Review: This book essentially ticks all the boxes when you first read the synopsis. Alternate dimensions, books, a library existing out of time and space, dragons and faeries and werewolves--oh my! And really, The Invisible Library has all the makings of a fantastic, weird novel, but it ultimately falls short.
If there is any comment I can make on this story it's that it is perfectly average. Decent writing, okay world building, somewhat enticing action and plot. But you see, that is precisely the issue. The story seems grand and bizarre in concept, but in execution it fails to reach a little farther outside the bounds of a cookie cutter fantasy book.
Every typical fantasy or supernatural themed book tends to have a similar pattern of thought, character, and plot. Some do it better than others, and the rare few manage to escape the stereotypes to become something that sparks imagination and ideas in the minds of readers. The Invisible Library is the former, unfortunately. The story is one I had heard time and time again before, falling into a familiar rhythm of near death experiences and mad dashes after evil villains. It was nice and comfortable, and perfectly entertaining. What disappoints me is that it could have been more.
Irene, our resident mystical librarian, loves books. I don't know about you, but I always appreciate that in a character. Other than her innate appreciation of all things bookish, Irene is spunky enough to warrant appreciation, yet not clever enough to incite excitement. As for Kai, her relative student/sidekick/friend with a not-so-secret secret...he exists, he's part of the story. Can you tell I'm not overly impressed or disappointed with him?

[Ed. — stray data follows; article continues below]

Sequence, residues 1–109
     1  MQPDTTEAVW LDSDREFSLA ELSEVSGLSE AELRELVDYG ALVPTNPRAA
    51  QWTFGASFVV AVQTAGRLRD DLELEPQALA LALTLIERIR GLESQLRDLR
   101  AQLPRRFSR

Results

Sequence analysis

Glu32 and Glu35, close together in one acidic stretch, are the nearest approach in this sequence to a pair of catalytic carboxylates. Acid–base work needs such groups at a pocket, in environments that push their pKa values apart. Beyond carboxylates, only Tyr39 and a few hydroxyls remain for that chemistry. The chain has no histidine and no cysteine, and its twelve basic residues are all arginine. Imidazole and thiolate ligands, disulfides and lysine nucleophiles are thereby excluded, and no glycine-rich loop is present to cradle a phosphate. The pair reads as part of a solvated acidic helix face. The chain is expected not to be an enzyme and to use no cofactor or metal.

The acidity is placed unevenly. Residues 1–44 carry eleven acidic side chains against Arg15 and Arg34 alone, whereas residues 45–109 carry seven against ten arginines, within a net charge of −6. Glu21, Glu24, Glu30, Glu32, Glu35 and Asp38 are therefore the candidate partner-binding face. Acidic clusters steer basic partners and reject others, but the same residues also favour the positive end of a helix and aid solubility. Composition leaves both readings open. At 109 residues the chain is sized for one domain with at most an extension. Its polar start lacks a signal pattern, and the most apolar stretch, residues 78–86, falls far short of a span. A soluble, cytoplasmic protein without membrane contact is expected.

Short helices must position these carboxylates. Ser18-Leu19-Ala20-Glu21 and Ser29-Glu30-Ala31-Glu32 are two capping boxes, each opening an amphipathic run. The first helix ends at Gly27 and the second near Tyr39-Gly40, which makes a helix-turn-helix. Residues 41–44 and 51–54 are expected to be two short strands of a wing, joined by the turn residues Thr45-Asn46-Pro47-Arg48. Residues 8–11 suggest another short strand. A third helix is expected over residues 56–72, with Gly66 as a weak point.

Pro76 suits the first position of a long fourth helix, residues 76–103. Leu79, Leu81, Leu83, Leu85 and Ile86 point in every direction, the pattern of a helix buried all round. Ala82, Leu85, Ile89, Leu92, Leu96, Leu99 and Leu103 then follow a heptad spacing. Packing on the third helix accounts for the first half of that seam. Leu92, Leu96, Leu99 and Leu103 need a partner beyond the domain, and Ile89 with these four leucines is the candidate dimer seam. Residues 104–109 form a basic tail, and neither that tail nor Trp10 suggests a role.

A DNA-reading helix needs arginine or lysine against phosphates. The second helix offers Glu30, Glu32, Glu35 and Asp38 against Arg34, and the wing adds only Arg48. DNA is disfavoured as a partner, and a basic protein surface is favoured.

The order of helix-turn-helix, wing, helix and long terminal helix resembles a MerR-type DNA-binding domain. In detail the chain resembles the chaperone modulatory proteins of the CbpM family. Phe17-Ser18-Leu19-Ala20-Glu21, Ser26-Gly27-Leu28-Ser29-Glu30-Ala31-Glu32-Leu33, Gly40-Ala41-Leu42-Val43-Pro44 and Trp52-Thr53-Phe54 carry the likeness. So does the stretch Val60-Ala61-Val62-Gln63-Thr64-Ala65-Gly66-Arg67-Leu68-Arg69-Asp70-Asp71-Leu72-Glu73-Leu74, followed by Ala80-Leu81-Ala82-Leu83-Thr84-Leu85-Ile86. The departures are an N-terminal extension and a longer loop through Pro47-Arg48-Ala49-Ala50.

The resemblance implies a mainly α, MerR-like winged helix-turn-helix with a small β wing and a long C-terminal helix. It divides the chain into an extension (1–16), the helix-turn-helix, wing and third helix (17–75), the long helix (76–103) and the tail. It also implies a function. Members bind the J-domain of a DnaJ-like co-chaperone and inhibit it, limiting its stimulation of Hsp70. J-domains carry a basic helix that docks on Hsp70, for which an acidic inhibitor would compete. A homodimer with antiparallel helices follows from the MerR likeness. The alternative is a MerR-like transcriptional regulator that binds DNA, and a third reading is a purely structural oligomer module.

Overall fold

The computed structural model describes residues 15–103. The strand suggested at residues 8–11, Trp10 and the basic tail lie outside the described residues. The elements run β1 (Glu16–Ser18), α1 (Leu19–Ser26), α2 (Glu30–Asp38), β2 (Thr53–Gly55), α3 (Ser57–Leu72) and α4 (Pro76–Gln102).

Without a doubt, my favorite aspect was the magic system, if it can even be called magic. The theme of chaos versus order is intriguing, if a bit confusing. The idea is that there are chaotic and lawful forces in the world (or in this case, worlds) that play with impossibility and irrationality. My only complaint is that the single most fascinating part of the book is not expanded on.
So I guess the question is this: would I recommend The Invisible Library? The answer is both yes and no. I would say that it is worth a fair shot. The book has the bare bones of a phenomenal, original story, and I am not convinced that it is too late for the series to expand and morph into that strange, curious tale I want it to be.